A federal indictment unsealed Monday charges Michael Coppola, 62, alleged lieutenant in the Genovese Crime Family, with racketeering and racketeering conspiracy offenses including a 1977 murder, extortion and wire fraud, according to a press release from the U.S. Attorney's Office for the Eastern District of New York.
Federal prosecutors say Coppola (left) approached 68-year-old Giovanni "Johnny Cokes" Larducci (also known as John Lardiere) outside the Red Bull Inn motel on Route 22 in Bridgewater, NJ, on Easter Sunday, April 10, 1977. Coppola allegedly attempted to shoot Larducci with a firearm, but the weapon jammed. Believing he had escaped an assassination attempt, Larducci asked Coppola, "What are you going to do now, tough guy?"
Coppola allegedly drew a revolver from an ankle holster and shot Larducci to death. Larducci was reportedly a Genovese lieutenant serving under boss Gerardo Catena. Larducci is believed to have been involved in loansharking and was suspected of involvement in the 1971 disappearance of Teamsters Local 945 President Michael A. Ardis, according to a story published on Mycentraljersey.com.
As Coppola, also known as Michael Rizzo and Mikey Cigars, became a leading suspect in the Larducci killing in 1996, he fled, the press release said. His story was featured on the America's Most Wanted television program. Coppola was captured by the FBI on March 9, 2007. Authorities had learned he was staying with an alleged Genovese Crime Family associate on the Upper West Side of Manhattan.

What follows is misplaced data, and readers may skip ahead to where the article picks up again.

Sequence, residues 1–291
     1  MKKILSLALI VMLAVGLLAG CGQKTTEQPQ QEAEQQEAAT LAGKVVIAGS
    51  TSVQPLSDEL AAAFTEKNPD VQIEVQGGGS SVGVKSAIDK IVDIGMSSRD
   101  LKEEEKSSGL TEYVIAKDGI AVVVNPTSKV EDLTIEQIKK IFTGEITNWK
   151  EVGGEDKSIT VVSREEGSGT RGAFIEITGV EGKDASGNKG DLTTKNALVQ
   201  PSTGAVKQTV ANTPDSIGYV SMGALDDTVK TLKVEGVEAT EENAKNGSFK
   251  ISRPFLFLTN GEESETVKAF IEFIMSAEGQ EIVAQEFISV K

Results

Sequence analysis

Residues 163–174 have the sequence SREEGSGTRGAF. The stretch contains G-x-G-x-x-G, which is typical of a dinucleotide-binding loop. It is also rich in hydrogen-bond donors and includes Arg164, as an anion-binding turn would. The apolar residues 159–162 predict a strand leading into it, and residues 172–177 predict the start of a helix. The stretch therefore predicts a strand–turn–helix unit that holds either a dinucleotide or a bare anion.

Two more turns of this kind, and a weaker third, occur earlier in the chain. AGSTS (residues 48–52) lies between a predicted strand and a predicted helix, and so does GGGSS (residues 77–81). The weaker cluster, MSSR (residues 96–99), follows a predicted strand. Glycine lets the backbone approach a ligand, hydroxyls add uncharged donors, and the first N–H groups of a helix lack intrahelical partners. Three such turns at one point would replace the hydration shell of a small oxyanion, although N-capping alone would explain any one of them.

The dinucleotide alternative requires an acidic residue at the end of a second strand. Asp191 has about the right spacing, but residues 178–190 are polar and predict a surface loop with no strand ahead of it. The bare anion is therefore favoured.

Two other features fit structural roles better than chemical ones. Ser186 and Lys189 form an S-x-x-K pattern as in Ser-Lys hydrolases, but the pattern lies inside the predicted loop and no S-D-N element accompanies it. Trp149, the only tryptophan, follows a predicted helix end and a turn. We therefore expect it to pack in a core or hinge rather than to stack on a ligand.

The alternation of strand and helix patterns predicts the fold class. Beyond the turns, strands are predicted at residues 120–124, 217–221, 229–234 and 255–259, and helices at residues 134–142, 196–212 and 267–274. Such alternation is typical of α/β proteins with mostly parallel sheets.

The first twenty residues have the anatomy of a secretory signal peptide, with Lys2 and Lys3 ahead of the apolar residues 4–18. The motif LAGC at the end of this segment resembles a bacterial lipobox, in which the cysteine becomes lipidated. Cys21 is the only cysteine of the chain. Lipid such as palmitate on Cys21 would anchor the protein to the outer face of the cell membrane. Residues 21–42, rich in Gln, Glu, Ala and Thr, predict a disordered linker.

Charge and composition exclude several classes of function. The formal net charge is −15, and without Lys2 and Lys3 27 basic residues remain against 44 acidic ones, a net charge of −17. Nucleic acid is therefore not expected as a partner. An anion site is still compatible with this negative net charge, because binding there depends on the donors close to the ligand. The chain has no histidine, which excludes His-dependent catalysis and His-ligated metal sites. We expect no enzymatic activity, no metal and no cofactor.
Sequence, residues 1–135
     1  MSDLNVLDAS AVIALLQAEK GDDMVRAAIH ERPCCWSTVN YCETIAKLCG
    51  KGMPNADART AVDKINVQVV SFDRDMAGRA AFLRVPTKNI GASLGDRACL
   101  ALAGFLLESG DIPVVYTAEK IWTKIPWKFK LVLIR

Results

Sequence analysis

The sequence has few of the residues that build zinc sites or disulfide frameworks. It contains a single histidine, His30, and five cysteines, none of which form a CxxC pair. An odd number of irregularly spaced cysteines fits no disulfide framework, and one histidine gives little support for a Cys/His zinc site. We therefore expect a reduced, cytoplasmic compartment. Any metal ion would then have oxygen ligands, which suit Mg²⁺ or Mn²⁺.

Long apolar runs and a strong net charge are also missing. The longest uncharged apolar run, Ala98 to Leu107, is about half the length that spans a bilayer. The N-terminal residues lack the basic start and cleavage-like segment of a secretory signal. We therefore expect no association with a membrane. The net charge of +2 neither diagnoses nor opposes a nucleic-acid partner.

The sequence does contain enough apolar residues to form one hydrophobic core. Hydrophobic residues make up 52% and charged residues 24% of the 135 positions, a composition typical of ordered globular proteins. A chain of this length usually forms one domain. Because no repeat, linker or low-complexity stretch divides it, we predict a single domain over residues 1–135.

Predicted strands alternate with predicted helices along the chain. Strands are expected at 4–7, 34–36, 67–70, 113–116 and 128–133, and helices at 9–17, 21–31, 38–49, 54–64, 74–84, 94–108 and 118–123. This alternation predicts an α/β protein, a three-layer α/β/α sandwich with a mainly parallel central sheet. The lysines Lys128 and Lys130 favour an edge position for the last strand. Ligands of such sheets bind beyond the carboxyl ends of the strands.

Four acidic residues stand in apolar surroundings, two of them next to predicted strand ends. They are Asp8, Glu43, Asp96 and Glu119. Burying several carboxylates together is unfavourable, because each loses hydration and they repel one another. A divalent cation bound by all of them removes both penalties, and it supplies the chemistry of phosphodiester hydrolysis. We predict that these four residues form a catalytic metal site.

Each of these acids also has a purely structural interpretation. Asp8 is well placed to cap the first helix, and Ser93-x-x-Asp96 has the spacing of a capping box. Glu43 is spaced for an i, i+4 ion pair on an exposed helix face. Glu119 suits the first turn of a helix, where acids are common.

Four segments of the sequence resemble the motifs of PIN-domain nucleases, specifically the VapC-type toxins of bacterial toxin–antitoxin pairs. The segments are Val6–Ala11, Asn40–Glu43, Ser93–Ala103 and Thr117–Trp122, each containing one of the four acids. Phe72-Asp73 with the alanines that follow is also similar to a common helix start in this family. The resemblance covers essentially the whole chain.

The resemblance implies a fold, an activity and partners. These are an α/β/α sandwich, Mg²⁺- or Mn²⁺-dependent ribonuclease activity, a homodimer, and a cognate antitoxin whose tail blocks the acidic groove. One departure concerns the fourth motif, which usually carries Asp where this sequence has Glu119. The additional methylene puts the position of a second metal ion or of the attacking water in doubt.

New Jersey state prosecutors passed on the murder case against Coppola when DNA evidence came back with an inconclusive result, according to a story by John Marzulli of the New York Daily News.
The indictment accuses Coppola of involvement in a conspiracy to extort payments from International Longshoremen's Association Local 1235. That extortion allegedly went on for a period of three decades. The Daily News reports that Coppola is also a suspect in the 2005 killing of Genovese Crime Family lieutenant Lawrence Ricci (right).
Prosecutors plan to introduce evidence obtained through a 1980 wiretap of the home of the late Paul Castellano, boss of the Gambino Crime Family.
- Thomas Hunt
- Writer, editor, researcher, web publisher, specializing in organized crime history. (I am available to assist with your historical/genealogical research, as well as your writing and editing chores. Email me at email@example.com.)
I am editor/publisher of crime history journal, Informer; publisher of American Mafia history website Mafiahistory.us; moderator of Mafia-related online forums; author of Wrongly Executed?; coauthor of Deep Water: Joseph P. Macheca and the Birth of the American Mafia and DiCarlo: Buffalo's First Family of Crime; contributor of American Mafia history to Australian-published Mafia: The Necessary Reference to Organized Crime; writer/co-writer of crime history articles for Informer, On the Spot Journal, Cigar City Magazine, Tampa Mafia Magazine.